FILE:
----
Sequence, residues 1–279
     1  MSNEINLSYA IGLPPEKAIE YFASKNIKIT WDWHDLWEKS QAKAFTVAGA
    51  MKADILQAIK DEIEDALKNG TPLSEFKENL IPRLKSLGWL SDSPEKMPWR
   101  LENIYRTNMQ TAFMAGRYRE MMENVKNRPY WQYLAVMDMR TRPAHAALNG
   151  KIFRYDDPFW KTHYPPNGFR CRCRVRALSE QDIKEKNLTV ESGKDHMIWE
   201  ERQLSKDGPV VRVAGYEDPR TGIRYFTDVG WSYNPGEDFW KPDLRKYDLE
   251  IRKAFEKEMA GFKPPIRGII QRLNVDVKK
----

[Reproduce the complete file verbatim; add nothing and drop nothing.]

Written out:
Sequence, residues 1–279
     1  MSNEINLSYA IGLPPEKAIE YFASKNIKIT WDWHDLWEKS QAKAFTVAGA
    51  MKADILQAIK DEIEDALKNG TPLSEFKENL IPRLKSLGWL SDSPEKMPWR
   101  LENIYRTNMQ TAFMAGRYRE MMENVKNRPY WQYLAVMDMR TRPAHAALNG
   151  KIFRYDDPFW KTHYPPNGFR CRCRVRALSE QDIKEKNLTV ESGKDHMIWE
   201  ERQLSKDGPV VRVAGYEDPR TGIRYFTDVG WSYNPGEDFW KPDLRKYDLE
   251  IRKAFEKEMA GFKPPIRGII QRLNVDVKK